Introduction to Electric Cars
In recent years, electric cars have seen a rapid uptake, and there’s no sign of it slowing down. In the United States alone, 361 000 EVs were sold in 2018 and a significant predicted rise in 2019 with the coming of new EVs such as the Rivian truck, SUV and the Tesla model Y. Of course, all that sounds great, but we must consider the question: is this a good idea, or should we be sticking to the traditional internal combustion engine (IC) cars?
Why go electric?
So what’s the point of electric and how is it better than IC cars? Well, one rather compelling argument towards EVs is the money which customers save. Although the $7500 tax credit in the US is no longer available for Tesla buyers, there is still a sizable sum of $3,750 available. However, it is worth noting that this will be reduced to $1,875 at some point and will eventually be removed entirely.
Though this may sound problematic, EV owners still benefit from a healthy decrease in running costs, especially if charging in a free area or for cheap at home. In fact, Tesla’s supercharger rates in the UK are £0.24 per kWh and $0.28 per kWh in the US, significantly cheaper than petrol or diesel.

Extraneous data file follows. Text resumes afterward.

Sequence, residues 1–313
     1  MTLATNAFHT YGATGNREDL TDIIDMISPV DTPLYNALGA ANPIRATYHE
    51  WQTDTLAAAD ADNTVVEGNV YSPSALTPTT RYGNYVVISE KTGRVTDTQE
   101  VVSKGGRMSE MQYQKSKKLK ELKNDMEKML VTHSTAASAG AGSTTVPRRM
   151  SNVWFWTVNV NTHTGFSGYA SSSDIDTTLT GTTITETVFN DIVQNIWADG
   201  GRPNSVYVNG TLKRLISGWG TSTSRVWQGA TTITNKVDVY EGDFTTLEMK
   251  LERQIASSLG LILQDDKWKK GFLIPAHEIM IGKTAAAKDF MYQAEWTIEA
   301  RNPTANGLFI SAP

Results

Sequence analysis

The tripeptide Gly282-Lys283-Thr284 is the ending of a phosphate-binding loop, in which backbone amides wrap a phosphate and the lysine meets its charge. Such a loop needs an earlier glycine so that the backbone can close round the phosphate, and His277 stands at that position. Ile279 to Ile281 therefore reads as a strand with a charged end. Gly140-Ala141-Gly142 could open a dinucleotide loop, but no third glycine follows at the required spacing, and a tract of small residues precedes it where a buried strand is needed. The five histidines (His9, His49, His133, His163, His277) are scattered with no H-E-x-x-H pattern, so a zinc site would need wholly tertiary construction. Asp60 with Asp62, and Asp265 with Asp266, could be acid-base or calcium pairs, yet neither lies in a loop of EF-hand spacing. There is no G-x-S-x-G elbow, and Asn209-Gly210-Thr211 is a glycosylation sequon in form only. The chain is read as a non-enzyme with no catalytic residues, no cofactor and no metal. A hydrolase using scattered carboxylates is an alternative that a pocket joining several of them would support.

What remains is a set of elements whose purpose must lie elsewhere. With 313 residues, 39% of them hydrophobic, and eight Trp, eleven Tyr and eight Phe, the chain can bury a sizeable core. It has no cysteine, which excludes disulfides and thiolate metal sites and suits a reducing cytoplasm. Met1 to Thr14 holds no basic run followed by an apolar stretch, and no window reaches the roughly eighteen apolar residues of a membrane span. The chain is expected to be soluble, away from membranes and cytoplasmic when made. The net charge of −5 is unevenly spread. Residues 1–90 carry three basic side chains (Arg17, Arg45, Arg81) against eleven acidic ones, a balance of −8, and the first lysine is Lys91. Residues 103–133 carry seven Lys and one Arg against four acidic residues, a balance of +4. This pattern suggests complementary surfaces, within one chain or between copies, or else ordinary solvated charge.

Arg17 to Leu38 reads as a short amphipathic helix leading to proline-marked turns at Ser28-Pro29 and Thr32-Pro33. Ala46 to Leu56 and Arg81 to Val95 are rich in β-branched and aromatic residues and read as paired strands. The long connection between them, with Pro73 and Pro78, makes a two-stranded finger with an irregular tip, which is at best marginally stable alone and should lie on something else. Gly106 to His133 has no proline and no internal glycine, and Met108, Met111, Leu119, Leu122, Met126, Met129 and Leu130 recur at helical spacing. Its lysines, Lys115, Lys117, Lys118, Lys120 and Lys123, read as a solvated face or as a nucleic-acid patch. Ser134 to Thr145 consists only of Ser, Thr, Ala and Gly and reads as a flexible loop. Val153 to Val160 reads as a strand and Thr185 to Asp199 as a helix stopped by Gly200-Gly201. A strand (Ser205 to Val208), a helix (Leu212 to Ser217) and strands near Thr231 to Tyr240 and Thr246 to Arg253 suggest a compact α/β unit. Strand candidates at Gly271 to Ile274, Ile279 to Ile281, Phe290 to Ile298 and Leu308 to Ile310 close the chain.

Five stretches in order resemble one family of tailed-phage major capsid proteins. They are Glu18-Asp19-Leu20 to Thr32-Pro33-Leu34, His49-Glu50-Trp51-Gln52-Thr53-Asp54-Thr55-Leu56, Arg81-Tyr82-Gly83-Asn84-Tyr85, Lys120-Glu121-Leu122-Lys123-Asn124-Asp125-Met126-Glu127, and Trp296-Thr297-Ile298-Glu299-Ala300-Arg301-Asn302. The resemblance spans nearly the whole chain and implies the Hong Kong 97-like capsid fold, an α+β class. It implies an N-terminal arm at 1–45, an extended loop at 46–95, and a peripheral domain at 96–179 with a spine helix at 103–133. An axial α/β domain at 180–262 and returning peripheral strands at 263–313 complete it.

Another benefit of EVs is the fast, instant torque that they can deliver. In standard internal combustion engines, most of the torque is delivered around 3000-4000 RPM. But why can’t internal combustion engines deliver torque instantly?
Well, that’s down to one formula: torque = force x distance. So, if we want more torque, we must either increase the distance or the force. At higher engine speed, there is a larger explosion inside of the cylinder, pushing down on the piston, which creates a higher torque. In an EV, maximum torque occurs instantly, before starting to tail off at around 3000 RPM. This makes them great for quick accelerations and blistering 0-60 times.
Finally, since electric cars have giant battery packs, manufacturers such as Tesla have enabled features such as leaving the a/c or heating on all night. This led to features such as dog mode and the upcoming camping mode, increasing the utility of EVs. Additionally, these battery packs have advantages in the commercial world, for example, charging tools from an electric truck’s battery pack or running broadcasting equipment for radio and TV shows.